Thus followed decades of comparative peace as the settlers got themselves established on American land. But the drive to push inland followed soon after. Kings and queens from thousands of miles away were anxious to find even more resources, and some colonists came for freedom and adventure.

They wanted more space. And so began the process of pushing the American Indian out of the way.

It took the form of cash payments, barter, and notoriously, treaties that were nearly consistently neglected once the Indians were moved away from the territory in question.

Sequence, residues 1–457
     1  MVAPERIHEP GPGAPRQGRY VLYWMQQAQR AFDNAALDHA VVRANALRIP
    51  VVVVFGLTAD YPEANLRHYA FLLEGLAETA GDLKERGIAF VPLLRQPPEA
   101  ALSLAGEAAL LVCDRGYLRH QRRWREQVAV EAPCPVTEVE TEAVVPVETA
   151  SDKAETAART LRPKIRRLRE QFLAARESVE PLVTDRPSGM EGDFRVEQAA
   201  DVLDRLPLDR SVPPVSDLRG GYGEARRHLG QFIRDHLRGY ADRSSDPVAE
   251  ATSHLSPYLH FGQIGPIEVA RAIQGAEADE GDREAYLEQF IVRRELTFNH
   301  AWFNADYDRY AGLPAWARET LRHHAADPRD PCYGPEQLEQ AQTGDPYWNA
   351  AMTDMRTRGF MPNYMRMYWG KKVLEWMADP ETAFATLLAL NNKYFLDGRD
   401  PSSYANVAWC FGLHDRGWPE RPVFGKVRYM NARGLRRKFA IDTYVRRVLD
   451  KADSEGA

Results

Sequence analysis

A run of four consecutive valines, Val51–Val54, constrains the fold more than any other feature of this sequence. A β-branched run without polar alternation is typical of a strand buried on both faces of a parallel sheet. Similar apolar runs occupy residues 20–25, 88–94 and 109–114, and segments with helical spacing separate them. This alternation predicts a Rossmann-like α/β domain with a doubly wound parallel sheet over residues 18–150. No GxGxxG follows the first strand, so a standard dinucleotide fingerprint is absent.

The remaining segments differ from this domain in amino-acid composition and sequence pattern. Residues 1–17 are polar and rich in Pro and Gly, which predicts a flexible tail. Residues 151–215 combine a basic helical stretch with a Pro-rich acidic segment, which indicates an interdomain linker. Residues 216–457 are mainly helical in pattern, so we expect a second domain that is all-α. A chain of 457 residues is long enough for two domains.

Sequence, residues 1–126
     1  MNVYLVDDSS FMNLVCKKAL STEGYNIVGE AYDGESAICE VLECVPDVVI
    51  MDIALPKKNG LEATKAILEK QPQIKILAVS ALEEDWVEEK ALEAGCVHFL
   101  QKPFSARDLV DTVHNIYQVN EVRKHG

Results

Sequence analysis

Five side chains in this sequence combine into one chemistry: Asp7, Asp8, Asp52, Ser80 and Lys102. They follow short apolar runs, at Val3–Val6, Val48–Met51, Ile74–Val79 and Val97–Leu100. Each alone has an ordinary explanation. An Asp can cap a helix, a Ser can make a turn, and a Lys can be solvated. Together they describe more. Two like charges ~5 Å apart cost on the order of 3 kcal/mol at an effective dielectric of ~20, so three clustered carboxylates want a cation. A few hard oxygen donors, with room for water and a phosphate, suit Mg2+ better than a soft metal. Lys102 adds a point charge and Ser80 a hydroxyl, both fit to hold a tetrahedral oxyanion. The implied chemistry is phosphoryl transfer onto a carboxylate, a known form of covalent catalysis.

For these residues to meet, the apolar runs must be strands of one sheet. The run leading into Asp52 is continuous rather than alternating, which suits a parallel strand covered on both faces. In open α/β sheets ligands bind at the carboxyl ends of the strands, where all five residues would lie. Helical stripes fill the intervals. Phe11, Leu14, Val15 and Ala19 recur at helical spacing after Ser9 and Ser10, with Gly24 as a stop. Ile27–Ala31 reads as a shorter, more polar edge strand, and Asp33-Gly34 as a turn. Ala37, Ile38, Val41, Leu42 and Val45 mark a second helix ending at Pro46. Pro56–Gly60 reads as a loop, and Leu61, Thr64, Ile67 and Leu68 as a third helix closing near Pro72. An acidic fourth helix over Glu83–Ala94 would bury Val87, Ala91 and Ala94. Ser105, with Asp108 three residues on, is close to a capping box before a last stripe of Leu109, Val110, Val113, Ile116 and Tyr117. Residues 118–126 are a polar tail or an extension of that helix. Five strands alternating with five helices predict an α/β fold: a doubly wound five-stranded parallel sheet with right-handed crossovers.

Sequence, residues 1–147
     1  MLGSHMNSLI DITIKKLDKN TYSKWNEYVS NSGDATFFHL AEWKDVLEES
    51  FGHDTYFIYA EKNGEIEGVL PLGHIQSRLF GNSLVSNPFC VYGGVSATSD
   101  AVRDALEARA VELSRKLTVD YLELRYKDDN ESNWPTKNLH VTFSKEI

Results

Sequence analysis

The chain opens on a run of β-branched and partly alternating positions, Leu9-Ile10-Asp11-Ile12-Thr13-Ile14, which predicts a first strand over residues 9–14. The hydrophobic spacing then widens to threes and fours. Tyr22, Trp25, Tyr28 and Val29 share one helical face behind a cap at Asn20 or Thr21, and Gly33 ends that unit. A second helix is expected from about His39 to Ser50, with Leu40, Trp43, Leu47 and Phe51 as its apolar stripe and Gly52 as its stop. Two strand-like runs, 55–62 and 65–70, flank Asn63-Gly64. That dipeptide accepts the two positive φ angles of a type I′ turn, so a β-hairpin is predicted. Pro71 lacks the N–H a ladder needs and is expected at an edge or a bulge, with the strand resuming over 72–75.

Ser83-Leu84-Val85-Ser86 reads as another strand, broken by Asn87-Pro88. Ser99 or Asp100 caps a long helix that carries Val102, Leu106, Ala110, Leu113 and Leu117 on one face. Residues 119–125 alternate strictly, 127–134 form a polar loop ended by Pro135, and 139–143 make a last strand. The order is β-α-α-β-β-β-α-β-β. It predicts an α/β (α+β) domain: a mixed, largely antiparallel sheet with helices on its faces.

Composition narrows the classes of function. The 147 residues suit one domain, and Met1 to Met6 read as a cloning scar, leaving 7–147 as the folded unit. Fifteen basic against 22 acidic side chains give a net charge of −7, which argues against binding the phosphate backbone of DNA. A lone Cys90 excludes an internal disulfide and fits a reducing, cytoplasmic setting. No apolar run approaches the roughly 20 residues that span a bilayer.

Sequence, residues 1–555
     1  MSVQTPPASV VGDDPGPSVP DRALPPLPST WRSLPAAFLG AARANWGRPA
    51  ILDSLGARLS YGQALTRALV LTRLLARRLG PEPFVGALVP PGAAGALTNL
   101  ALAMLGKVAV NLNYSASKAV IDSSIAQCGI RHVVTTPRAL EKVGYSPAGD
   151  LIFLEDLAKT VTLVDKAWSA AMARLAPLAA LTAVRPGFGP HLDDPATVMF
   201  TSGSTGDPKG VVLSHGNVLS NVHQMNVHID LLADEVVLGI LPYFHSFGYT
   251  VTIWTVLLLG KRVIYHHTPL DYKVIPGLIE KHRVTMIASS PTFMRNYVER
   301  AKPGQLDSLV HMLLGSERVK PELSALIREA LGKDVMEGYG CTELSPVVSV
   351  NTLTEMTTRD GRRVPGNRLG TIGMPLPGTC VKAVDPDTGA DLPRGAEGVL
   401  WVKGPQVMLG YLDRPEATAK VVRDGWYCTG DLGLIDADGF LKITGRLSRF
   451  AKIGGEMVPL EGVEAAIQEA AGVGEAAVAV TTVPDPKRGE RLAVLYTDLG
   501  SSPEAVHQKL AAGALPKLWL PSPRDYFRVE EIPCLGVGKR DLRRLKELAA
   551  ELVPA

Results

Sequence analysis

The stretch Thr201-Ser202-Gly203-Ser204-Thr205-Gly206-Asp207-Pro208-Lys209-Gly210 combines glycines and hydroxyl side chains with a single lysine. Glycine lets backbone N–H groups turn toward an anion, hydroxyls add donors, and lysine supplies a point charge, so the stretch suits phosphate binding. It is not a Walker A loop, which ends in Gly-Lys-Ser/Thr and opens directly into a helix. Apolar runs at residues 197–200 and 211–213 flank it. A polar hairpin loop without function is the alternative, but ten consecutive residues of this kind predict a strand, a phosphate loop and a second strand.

treaty at new amsterdam

The U.S. government’s policies towards Native Americans in the second half of the nineteenth century were motivated by the desire to expand westward into regions occupied by these Native American tribes. By the 1850s almost all Native American tribes, roughly 360,000 in number, lived to the west of the Mississippi River. These American Indians, some from the Northwestern and Southeastern territories, were confined to Indian Territory located in present day Oklahoma, while the Kiowa and Comanche Native American tribes shared the area of the Southern Plains.

The Sioux, Crows and Blackfeet dominated the Northern Plains. These Native American groups experienced misfortune as the steady stream of European immigrants into northeastern American cities delivered a stream of immigrants into the western lands already occupied by these various groups of Indians.